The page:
Hello my friends!
This month, I wanted to talk a little bit about legacy in technology. This was prompted by the recent sad passing of Ray Tomlinson, one of the founders of email as we know it today. There have been many articles written about his life already that I can’t hope to improve upon, so I won’t try to repeat that. However, the way that technology can leave a long lasting legacy behind, as Ray’s work has done, seemed like a good topic to blog about.
As I’m sure you’re aware, Ray’s claims to fame include inventing the @ in an email address – when people remember you just because they see a symbol, that’s when you know you’ve made it! With another person fondly remembered for a symbol (I’m talking, of course, about Prince) also recently leaving us, it has been a tough few months for punctuation lovers everywhere. I can only hope Mr Ampersand is eating healthily and taking plenty of exercise…
Sometimes it seems like “legacy” can often be used as a bit of a dirty word in technology. We talk about legacy code, legacy systems – our natural instinct is always to look forward rather than back, and to assume that what people have done before us must be worse than the new, shiny system that we’re now building. In my last blog I suggested getting yourself a cup of coffee – this month, I’d suggest grabbing a mirror to look into. I’d be the first to admit that some of my old code might, ahem, have been better or more elegantly written, but, you know, we all do the best we can with the resources we have at the time. So legacy technology is just a fact of life, and perhaps we should celebrate it more than we do!
Very few people will leave a technology legacy such as Ray Tomlinson’s. Bill Gates, for sure – Steve Jobs, definitely – but it’s often only with 20/20 hindsight that we can say which ones will stand the test of time. If I were forced to put some money on it, my leftfield bet for someone who’ll leave a big legacy will be whoever figures out how to keep track of our digital footprint and let us take ownership of it back. Yes, that’s right - all that stuff we’ve been wilfully throwing into the cloud, just waiting for a prospective employer to stumble across it, and now you rather wish you hadn’t. There’s not a day goes by that I’m not glad I went through adolescence before someone invented the camera phone….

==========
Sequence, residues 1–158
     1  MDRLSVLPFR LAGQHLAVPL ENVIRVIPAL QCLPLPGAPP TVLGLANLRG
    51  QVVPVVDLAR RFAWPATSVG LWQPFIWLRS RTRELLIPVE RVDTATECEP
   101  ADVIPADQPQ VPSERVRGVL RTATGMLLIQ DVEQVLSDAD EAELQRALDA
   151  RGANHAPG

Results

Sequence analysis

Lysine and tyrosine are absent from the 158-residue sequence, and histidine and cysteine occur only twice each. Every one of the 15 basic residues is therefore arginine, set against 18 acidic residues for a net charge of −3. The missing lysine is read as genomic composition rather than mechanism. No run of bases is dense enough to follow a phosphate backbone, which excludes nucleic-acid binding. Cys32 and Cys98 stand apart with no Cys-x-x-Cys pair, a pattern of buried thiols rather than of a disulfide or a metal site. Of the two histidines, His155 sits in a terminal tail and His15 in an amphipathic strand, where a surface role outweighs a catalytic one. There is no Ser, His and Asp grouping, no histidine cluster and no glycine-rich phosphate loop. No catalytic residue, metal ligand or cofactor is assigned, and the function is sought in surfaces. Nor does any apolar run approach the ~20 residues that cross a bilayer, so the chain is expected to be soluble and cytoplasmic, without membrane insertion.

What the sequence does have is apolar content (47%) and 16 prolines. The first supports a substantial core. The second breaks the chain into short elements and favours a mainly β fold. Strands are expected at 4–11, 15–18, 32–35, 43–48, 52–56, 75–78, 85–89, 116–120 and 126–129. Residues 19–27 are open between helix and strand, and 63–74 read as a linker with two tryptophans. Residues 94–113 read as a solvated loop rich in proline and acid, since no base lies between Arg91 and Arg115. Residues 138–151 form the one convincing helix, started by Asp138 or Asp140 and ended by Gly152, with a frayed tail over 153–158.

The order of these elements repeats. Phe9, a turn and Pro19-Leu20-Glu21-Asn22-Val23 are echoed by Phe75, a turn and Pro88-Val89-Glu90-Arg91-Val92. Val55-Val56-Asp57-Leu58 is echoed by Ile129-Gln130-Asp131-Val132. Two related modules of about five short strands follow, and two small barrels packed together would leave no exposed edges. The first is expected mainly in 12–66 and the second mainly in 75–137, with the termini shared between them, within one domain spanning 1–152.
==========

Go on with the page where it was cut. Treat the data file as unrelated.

So what do you think? Who’s your tip for being the next Ray Tomlinson?
In the wonderful world of TransVault, one of our biggest challenges is dealing with legacy data. We deal with emails in archives of all shapes and sizes, with all sorts of issues. Part of what makes my job fun is that, just when you think you’ve seen everything, another project rocks up with some new and crazy data that we have to figure out how to deal with. Unlike my suggestion above, usually our problem is to migrate it successfully, rather than to make it disappear! Maintaining the legacy of who sent what email to whom is obviously incredibly important for any company, for any number of legal or continuity reasons - and I’m proud that we’re able to help our customers do that. Hopefully your embarrassing Christmas party photos will have been removed due to retention policies by now…..
So to conclude, I guess what I’m trying to say is this - while it’s tempting to focus on the new, the shiny and the exciting, it’s also important to respect the legacy that’s brought us to this point. Remember, that new thing you’re working on (project, code or just an email) will someday - and sooner than you think! - be considered legacy.
Until next month